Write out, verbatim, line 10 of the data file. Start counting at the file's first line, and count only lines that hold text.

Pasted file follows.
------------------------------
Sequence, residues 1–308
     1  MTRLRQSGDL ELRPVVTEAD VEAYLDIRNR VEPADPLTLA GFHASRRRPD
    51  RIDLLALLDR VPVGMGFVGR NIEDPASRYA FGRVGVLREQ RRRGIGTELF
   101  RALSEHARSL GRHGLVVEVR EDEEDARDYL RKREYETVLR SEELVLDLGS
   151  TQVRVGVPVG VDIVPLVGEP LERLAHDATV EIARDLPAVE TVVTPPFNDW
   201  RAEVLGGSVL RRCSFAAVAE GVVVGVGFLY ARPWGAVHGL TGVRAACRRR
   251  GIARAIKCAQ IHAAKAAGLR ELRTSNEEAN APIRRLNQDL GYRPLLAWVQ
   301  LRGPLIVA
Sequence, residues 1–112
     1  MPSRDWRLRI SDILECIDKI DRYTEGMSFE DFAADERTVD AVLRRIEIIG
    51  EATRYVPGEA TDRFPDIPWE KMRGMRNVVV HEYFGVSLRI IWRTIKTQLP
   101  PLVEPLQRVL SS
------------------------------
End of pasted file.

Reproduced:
     1  MPSRDWRLRI SDILECIDKI DRYTEGMSFE DFAADERTVD AVLRRIEIIG